He hadn’t told Ana explicitly where he was going tonight, because it wasn’t explicitly a task for her--their--mission. Rather, Ramson had felt the silent call of this place as soon as he’d set foot in Novo Mynsk, the phantom pull of a connection he hadn’t quite managed to sever yet.
He’d come to find out, for himself, what had happened to Alaric Kerlan and the Order of the Lily. And he’d come to bid the torn wreckages of his past good-bye, once and for all, as he turned down a new path.
The tapping of his freshly sharpened misericord against his hip came to an abrupt stop when Ramson turned the last corner and slowed. He found that he was suddenly glad for the sharp knife at his waist.
The Kerlan Estate stood alone in the middle of a snow-covered street, half-buried by the snow, its battered golden gates yawning wide. Gone were the rows of liveried guards; gone were the diamond-glass lamps spilling haloes of light onto lush lawns; gone were the brightly lit windows burning into the darkest nights.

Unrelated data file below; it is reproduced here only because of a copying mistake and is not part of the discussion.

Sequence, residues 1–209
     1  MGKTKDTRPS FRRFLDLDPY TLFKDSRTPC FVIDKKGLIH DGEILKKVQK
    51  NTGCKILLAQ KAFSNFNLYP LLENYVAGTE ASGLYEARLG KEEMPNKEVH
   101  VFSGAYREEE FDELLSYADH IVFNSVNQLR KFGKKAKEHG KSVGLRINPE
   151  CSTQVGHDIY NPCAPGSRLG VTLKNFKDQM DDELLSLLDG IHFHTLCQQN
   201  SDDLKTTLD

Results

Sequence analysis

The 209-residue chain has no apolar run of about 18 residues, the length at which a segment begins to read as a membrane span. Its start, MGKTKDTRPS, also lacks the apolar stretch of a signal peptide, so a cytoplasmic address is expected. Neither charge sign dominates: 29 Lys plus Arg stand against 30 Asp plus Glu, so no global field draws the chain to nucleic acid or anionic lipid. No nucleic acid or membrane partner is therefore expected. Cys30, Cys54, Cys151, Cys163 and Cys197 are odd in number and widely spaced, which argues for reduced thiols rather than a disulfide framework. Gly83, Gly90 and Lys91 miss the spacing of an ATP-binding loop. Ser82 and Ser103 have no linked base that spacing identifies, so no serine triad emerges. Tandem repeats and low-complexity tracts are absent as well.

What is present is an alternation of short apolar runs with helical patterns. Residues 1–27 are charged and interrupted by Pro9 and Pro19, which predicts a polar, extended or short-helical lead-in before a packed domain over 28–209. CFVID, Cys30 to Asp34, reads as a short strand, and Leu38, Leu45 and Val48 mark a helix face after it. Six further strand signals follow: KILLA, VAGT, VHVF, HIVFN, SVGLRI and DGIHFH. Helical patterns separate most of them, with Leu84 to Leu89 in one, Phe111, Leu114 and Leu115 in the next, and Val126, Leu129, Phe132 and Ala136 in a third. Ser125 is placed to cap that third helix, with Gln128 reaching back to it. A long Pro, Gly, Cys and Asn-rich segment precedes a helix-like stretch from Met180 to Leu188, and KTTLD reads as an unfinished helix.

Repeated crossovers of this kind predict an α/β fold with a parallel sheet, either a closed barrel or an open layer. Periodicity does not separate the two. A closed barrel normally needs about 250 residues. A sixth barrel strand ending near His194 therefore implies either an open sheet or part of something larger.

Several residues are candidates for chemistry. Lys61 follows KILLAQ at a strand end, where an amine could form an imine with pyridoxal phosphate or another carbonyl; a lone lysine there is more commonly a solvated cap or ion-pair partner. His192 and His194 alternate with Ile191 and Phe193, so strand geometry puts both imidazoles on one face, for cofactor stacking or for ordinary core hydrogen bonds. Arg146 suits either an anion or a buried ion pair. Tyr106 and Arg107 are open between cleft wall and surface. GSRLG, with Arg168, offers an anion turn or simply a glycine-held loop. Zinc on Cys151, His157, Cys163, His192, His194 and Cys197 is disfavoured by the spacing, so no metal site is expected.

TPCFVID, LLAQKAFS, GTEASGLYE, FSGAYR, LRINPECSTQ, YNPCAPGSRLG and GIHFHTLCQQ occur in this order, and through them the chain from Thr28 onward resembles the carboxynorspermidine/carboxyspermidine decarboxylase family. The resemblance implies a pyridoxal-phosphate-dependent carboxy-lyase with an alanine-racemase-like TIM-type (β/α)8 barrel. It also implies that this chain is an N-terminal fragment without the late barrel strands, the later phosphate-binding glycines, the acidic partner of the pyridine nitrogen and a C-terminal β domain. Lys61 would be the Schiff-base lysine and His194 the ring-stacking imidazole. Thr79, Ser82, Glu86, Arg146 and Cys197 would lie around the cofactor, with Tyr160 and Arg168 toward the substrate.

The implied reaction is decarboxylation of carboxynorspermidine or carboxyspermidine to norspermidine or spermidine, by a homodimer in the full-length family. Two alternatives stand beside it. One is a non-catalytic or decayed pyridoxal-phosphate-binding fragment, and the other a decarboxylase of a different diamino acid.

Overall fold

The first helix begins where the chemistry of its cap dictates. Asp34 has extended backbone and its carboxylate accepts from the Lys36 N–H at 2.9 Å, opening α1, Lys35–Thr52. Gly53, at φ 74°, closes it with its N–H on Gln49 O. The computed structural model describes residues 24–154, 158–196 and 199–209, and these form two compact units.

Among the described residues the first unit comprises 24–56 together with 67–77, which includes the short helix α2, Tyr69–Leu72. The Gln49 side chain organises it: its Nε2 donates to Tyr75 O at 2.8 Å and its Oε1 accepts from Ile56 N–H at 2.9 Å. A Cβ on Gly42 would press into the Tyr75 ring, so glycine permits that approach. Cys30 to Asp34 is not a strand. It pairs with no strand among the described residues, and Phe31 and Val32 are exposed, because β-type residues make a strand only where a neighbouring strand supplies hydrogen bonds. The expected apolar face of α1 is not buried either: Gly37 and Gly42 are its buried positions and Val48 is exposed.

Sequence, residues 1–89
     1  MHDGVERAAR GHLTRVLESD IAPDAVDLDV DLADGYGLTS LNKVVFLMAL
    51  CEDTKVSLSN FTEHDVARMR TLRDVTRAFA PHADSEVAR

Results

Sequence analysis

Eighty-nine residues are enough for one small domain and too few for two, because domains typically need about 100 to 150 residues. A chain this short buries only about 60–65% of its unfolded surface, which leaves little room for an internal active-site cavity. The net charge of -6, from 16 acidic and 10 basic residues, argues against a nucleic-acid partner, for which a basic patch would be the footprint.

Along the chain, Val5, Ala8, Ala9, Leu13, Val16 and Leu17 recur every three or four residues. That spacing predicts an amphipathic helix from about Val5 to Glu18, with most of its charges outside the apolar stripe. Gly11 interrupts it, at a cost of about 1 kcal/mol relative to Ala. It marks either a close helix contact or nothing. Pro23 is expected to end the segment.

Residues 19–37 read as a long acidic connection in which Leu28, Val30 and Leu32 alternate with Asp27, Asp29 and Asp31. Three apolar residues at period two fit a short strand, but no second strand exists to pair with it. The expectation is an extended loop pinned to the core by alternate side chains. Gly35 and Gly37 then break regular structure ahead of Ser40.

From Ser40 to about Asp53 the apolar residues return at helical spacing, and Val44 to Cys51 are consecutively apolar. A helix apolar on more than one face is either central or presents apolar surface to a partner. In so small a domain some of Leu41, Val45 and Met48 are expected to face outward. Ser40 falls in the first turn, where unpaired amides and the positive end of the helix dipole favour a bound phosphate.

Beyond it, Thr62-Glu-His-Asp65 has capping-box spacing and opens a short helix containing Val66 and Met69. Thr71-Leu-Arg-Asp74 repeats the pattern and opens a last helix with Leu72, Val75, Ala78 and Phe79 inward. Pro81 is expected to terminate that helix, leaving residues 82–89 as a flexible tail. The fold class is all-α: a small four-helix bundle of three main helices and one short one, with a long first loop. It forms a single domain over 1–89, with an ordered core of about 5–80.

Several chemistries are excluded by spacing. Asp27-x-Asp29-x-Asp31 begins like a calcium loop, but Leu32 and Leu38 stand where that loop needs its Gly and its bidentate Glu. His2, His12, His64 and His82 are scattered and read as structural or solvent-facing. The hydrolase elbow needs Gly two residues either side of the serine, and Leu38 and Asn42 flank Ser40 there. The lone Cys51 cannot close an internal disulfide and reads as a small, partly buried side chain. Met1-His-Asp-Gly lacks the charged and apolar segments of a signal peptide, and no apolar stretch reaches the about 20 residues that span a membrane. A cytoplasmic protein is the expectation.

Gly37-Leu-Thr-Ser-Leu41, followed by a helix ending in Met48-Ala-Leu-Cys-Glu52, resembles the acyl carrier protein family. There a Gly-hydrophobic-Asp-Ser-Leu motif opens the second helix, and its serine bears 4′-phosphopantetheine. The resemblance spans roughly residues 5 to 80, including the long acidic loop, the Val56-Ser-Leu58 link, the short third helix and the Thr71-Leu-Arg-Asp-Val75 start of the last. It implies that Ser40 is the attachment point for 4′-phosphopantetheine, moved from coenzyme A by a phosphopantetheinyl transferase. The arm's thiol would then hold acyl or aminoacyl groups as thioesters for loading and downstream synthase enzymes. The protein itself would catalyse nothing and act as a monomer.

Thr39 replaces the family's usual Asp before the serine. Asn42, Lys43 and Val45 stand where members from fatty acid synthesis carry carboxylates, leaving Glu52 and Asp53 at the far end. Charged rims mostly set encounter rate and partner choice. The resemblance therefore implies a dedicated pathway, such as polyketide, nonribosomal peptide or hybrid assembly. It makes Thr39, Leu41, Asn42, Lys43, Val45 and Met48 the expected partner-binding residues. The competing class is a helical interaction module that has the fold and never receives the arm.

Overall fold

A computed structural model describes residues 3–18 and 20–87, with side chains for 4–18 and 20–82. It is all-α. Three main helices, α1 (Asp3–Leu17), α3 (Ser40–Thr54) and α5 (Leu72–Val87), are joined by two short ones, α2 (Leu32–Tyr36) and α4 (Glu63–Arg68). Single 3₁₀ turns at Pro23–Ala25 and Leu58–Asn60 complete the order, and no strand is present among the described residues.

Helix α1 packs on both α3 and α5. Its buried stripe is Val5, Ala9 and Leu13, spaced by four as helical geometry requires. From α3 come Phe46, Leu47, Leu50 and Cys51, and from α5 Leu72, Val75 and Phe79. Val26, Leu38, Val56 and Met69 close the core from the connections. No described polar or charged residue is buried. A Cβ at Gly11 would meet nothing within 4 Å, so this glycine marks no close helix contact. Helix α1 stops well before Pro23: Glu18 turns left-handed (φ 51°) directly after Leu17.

Ramson touched a leather-gloved hand on the broken railing of the gate and hesitated.
Even now, the sight of the Kerlan Estate did not fail to elicit a muddy swirl of emotions in him. He’d known pain here--so much pain, still seared into his flesh in the shape of the brand of the Order of the Lily. He’d seen growth, sharpened by that hunger and fear and driven by the knowledge that he had to do whatever he needed to in order to survive. And he’d tasted happiness, fleeting as bursts of color in the Empire’s gray skies, in the blood trades he’d made and the honors he’d gained, paid for with the lives of other men as he upheld Alaric Kerlan’s rule.
Ramson’s heart pounded in his throat as he hurried up the snow-covered path. When he reached the mansion, he saw that one handle of the giant mahogany double doors had broken; the other seemed to have been hacked clean off by a serrated blade of some sort. The wood creaked as he pushed them open and stepped inside, the mansion yawning wide like a dark, silent trap.